1 Preparing to Write
Read through your body paragraphs, taking notes on key points of the argument that you want to remind the reader of before the end of the essay. Use the strongest, most logical points of your argument to structure the conclusion so that you have the best chance of convincing the reader of the validity of your position. Review your introduction and include key phrases in the conclusion to add a sense of cohesion and closure to the argument and to the essay.
2 Beginning Sentences
The conclusion should be an overview of the points you have argued, reminding the reader of the importance of the topic and the legitimacy of your side of the debate. Rephrase your thesis statement in a way that intensifies the claim of your argument. For example, if you are writing about the need for mandatory recycling in your town, the first sentence of your conclusion might read: “Keeping our city from turning into one, big waste dump is each citizen’s responsibility.” This sentence jolts the reader into a sense of duty and also creates a negative image in the mind.
3 Middle Sentences
The middle sentences of an argumentative conclusion should include the most convincing and rational points of your argument. The reader will remember your conclusion more vividly than all of the detailed evidence that you supplied in the body paragraphs, so synthesize your main points rather than summarizing them. You might explain how much waste recycling helps avoid, for instance, based on facts you presented in the paper. Avoid introducing new information in the conclusion, as this will cloud the issue and weaken your position.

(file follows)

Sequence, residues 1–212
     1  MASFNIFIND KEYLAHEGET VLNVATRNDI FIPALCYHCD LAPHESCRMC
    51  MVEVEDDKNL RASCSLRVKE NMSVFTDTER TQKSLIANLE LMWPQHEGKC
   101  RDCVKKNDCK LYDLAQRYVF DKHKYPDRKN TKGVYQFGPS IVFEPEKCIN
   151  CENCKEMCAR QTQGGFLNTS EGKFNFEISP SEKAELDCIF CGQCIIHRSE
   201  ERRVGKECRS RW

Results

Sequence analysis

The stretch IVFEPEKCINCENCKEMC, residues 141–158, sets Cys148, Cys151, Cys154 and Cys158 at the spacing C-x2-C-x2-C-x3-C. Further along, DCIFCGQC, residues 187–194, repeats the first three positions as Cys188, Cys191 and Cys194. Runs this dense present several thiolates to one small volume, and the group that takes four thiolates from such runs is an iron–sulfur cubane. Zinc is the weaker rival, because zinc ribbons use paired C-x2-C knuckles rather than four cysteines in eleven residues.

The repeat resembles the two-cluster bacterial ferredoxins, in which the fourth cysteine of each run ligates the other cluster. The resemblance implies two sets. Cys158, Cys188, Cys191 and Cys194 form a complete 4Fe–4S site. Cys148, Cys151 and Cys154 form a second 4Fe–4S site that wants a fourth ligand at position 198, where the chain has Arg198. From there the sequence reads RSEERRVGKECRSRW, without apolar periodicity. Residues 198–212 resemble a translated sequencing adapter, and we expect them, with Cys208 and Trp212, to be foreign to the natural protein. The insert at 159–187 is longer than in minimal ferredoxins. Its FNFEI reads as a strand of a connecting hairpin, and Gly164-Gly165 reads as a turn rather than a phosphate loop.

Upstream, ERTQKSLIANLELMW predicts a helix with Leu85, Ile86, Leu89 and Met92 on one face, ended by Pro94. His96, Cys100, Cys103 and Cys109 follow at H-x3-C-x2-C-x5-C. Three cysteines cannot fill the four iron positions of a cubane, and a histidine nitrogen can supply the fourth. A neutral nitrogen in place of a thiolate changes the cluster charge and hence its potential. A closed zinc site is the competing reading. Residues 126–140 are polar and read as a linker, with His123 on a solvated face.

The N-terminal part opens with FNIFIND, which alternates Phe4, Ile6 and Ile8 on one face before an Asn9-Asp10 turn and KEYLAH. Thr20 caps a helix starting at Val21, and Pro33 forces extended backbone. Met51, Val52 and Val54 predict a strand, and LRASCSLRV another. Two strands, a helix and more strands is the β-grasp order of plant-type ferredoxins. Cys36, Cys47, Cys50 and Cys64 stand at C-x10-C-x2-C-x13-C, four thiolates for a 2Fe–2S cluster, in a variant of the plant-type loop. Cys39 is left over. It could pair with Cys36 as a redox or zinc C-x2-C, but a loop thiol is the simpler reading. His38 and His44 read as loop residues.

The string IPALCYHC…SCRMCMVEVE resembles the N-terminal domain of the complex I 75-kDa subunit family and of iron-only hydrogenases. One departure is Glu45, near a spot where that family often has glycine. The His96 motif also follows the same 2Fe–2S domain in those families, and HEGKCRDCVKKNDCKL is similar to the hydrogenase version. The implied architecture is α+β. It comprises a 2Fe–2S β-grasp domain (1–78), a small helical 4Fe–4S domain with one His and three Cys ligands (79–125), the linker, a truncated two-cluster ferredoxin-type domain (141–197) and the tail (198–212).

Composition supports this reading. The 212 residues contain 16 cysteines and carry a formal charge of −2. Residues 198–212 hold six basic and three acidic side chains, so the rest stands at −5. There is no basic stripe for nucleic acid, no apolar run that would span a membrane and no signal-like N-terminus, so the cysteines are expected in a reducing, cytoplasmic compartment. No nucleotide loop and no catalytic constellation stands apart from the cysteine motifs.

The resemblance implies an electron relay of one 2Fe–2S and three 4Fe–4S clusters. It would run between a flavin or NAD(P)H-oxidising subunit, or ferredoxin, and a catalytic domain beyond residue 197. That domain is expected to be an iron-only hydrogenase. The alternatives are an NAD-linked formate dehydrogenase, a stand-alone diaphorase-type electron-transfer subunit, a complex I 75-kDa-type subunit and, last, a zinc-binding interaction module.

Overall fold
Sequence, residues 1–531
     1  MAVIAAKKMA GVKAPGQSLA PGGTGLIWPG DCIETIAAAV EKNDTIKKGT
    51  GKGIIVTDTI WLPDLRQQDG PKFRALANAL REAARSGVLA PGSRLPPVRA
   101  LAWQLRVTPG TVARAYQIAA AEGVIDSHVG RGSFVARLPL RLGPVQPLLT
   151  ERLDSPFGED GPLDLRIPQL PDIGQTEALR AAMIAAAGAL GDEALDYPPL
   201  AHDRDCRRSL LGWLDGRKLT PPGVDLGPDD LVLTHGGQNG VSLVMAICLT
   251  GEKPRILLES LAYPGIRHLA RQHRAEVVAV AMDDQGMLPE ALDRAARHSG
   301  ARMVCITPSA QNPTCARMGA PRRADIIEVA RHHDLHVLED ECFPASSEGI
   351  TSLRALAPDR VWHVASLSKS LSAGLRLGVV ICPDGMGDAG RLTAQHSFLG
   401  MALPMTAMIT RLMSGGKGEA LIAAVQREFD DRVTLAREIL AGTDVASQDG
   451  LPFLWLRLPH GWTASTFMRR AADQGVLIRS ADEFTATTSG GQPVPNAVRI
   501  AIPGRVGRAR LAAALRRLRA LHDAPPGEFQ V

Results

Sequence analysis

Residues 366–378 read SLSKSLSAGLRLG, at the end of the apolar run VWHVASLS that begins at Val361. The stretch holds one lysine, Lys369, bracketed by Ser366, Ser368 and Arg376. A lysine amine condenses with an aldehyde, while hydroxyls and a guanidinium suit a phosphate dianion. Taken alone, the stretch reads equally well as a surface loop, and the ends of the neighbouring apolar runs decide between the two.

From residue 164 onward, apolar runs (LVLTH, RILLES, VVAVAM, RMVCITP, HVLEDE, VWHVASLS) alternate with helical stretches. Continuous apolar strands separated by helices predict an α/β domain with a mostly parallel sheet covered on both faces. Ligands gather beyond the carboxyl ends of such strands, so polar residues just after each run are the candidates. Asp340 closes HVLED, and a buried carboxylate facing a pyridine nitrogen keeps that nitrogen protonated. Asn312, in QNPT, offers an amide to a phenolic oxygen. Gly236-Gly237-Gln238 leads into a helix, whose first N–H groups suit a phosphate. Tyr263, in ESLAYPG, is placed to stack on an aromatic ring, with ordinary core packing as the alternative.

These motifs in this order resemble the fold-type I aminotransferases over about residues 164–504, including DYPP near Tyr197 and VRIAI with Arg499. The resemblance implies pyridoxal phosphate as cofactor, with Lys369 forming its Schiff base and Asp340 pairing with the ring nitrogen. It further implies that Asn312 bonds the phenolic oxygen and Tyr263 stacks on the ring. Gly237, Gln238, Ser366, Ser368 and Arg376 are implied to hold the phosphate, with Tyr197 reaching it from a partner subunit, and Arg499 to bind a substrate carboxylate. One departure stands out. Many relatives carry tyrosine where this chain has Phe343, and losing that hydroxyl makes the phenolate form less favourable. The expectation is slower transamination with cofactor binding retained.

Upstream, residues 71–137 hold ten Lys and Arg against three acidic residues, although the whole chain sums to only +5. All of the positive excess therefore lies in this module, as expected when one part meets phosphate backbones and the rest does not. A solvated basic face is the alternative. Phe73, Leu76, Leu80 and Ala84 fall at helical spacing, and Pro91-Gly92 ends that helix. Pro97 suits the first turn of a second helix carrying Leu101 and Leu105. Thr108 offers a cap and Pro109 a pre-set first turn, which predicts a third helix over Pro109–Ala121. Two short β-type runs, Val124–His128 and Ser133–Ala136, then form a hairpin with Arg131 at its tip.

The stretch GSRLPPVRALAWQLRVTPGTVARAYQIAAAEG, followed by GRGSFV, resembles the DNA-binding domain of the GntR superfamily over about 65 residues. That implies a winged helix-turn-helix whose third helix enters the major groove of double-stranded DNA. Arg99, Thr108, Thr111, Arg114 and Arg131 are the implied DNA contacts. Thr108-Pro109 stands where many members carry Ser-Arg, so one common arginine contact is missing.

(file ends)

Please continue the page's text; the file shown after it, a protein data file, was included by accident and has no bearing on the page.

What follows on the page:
4 Final Sentences
The last sentences should include a call to action or a prediction of future ramifications. For example, you might include a sentence that urges your readers to attend city council meetings so that they can encourage leaders to vote in favor of a recycling initiative. Alternatively, you could make a prediction of what might happen if all households do not start recycling, such as the fact that more waste-disposal stations may need to be built to hold all of the garbage being produced. In doing so, you would remind readers of facts you stated previously in the body paragraphs detailing how much waste the community is currently producing and how close the local dump is to capacity. You might also include a reminder that dump sites could be built near readers' homes, which would make the issue personal.
- 1 Purdue OWL: Introductions, Body Paragraphs, and Conclusions for an Argument Paper
- 2 Purdue OWL: What is an Argumentative Essay?
- 3 Harvard College Writing Center: Ending the Essay Conclusions